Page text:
An Obamacon's Lament
As President Obama doggedly prioritizes universal coverage over a thorough revamp of the health care system that would deliver truly efficient, sustainable care, “Obamacons”, like me, who helped elect him, have no one to blame but themselves. "Small government" minded in my political philosophy, and a registered Republican in my affiliation, I knew I was ultimately cutting off my nose off to spite my face in voting for the President. Nonetheless, I took the plunge under the weight of Bush fatigue and the jaded expectation that neither party could really be trusted to keep the size of government in check anyway—plus, Obama is just so damn charming.
With the health care debate now in full force, the scalpel has come down more like a jagged saw, pulled awkwardly between the President's zealous and increasingly ideological push for a health care revolution, and the GOP's opposition strategy, which so far has involved hurling bald-faced lies like Molotov cocktails into the debate (check out the non-partisan Politifact.com for a rundown of the best GOP fabrications). Astride them, ill at ease, sits the Obamacon, in a special, and perhaps particularly cruel circle of the political inferno reserved for those guilty of a quixotic compromise of their principles.
This sad lot represents an increasing portion of the electorate that is deeply dissatisfied with the substance of the debate—both the options and explanations put forward by the President, as well the lack thereof from the Republicans. We agree with the President that something is horribly wrong with the system—chiefly, that the rate of inflation is simply unsustainable, especially relative to the quality of care. There are many reasons for this, stemming most directly from a fundamental misalignment of the incentives that govern the economics of our health care system, not from the fact that significant portions of the population are uninsured per se. Put most simply, there's too much insurance going to the wrong people, who in turn over-consume care at every point of the process.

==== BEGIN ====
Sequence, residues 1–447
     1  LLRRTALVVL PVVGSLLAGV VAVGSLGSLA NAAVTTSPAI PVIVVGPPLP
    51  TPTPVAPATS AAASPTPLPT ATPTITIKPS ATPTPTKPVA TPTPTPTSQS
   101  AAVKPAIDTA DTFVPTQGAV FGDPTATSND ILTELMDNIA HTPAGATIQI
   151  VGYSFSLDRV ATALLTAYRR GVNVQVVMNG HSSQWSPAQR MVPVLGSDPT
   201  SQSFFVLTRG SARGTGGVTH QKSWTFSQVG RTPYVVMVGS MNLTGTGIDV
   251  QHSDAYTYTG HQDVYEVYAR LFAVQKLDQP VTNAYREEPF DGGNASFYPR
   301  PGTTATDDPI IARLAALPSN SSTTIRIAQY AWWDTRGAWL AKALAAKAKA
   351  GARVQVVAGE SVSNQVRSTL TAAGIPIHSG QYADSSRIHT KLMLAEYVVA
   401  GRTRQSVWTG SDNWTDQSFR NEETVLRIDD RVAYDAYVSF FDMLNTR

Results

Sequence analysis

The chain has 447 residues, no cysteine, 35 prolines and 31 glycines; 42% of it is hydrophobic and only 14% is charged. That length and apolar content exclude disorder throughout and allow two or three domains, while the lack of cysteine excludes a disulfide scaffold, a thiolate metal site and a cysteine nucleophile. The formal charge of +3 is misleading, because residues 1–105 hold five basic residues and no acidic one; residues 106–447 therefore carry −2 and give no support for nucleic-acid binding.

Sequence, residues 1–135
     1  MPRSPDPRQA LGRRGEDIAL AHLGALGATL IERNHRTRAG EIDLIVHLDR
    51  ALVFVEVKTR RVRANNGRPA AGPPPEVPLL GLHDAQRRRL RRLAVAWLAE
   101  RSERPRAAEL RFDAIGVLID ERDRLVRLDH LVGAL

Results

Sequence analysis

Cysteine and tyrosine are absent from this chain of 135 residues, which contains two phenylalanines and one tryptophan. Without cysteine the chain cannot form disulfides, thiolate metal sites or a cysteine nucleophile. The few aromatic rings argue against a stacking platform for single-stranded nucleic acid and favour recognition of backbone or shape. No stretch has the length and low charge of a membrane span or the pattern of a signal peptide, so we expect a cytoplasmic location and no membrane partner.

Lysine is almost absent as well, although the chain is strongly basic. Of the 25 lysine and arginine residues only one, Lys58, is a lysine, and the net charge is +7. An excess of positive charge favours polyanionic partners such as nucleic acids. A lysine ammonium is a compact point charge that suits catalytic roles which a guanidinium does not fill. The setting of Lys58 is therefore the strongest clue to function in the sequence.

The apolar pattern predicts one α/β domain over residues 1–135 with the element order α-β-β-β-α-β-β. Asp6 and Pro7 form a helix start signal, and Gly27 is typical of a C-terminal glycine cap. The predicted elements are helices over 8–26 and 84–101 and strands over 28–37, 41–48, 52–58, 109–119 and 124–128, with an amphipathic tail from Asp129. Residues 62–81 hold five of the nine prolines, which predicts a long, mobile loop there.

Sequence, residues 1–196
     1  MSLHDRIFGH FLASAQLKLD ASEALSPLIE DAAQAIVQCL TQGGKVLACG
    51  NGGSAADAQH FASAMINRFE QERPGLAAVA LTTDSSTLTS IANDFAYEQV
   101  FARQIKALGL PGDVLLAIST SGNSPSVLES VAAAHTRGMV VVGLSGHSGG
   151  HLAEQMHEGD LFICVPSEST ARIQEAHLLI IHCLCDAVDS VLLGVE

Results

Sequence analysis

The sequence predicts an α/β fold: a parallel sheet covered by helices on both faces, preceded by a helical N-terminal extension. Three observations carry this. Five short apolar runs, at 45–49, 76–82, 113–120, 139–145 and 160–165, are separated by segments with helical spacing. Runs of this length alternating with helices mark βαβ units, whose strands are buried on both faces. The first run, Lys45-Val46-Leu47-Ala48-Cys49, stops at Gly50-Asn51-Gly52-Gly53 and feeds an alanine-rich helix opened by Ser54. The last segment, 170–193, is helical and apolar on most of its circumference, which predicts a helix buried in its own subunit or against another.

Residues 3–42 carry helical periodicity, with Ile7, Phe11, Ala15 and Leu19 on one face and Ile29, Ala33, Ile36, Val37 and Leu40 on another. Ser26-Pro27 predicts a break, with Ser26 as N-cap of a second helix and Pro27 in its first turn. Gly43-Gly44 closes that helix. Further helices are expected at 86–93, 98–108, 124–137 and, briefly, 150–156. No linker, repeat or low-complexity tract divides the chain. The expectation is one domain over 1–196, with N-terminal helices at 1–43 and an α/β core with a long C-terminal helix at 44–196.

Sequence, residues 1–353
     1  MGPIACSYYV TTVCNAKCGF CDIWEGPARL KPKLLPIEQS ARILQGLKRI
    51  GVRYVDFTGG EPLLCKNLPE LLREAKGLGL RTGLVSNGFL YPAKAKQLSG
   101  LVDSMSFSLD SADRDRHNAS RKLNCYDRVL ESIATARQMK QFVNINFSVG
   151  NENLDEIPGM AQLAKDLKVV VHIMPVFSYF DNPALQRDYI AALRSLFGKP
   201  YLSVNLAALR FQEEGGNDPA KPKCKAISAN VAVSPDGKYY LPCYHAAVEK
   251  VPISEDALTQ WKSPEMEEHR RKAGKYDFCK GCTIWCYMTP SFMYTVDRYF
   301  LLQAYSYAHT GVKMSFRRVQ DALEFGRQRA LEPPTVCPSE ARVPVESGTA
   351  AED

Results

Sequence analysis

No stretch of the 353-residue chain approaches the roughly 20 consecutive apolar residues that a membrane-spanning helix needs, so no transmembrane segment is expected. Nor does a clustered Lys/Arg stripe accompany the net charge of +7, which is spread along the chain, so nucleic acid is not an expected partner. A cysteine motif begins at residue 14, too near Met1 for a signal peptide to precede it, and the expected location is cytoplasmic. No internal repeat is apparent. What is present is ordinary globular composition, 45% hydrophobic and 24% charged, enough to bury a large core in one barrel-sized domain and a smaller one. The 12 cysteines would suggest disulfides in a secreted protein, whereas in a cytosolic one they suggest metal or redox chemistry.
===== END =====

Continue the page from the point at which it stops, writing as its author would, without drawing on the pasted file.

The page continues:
For a good primer on the health care system’s misalignment, check out leading health care economist, and Obama adviser, David Cutler’s recent interview on Big Think:
But, rather than addressing the structural faults in the system as his first priority, the President has treated them more like an afterthought, tacking them onto a colossal expansion of the existing system out of a sense of moral imperative. This is where he is losing the Obamacons and countless others who may not comprehend the precise details of health care reform (no thanks to the Republicans), but appreciate that it is not a problem to be solved by building castles to the sky on shaky ground. With all due respect, the person who seems to understand this least is the President himself.
To build a true health care reform coalition, Obama's should focus squarely on how to make the system deliver better care more cost-effectively. That means talking less about Lori Hitchcock, an entrepreneur with hepatitis C who can't get insured, and more about Jenny Paley, a friend of mine and a successful young executive in her late 20's with good insurance.
In a well-designed system, Jenny would have far less insurance than she does today. As an exceptionally healthy 29-year old with no family medical history or known genetic dispositions, she simply doesn't need it. Yet, because of the nature of our employer-driven system and the twisted incentives it imposes, Jenny finds herself going to the dermatologist for no less than five follow-on consultations to explore problems she didn't think she had when she responded to a mailed reminder for her "yearly consultation". Jenny attends dutifully nevertheless because her employer-provided health care, which she receives in lieu of a portion of her pay, covers everything. And, while it covers unlimited dermatology, the plan doesn't cover Jenny's pap smear results—only the tests. Why, you ask? Because the state of NY doesn't require it—although it does require extensive coverage that Jenny doesn't need and wouldn't submit to if it weren't seemingly free, like her dermatology triage. And because the federal government has for decades subsidized employer-provided health care through tax breaks, Jenny's employer gives her care she doesn't need in lieu of pay she would likely prefer.
All the while, Lori Hitchcock can't get coverage for her hepatitis C. The true moral outrage is a system that hemorrhages with waste while so many go wanting (for perhaps the single best overview of misaligned incentives of the current, see David Goldhill's cover story (based on his book by the same name) in this month's The Atlantic, "How American Health Care Killed My Father". We have a legacy system built over a century that, like so much of our society, is in need of a systemic overhaul because its various parts—built and implemented across political eras—are not smart or efficient enough to meet the demands of a globalizing society. The current plan being advanced by the President, and stymied in Congress, simply builds on top of what is there already, instead of taking the wrecking ball and rebuilding a truly modern system.